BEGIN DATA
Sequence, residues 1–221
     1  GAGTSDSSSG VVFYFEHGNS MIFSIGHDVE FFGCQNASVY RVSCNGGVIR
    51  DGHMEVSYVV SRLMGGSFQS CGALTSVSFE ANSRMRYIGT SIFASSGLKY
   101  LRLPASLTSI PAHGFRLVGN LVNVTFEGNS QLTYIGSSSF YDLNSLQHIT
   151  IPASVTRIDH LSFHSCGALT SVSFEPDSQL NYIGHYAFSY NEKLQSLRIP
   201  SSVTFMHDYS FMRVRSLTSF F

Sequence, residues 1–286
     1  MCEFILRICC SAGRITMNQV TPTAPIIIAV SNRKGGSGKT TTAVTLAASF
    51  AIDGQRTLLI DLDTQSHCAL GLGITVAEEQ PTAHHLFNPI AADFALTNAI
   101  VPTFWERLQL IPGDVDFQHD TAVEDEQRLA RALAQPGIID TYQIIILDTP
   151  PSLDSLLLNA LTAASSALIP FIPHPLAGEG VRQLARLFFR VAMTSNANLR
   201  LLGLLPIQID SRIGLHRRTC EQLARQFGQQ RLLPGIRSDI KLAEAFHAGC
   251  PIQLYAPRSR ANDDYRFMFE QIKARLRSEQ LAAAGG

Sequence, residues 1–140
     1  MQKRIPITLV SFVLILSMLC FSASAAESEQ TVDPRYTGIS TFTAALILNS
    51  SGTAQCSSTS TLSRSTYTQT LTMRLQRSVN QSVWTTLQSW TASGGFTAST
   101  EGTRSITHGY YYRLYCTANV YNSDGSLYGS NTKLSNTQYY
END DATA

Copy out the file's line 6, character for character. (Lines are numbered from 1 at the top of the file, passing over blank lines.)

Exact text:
   201  SSVTFMHDYS FMRVRSLTSF F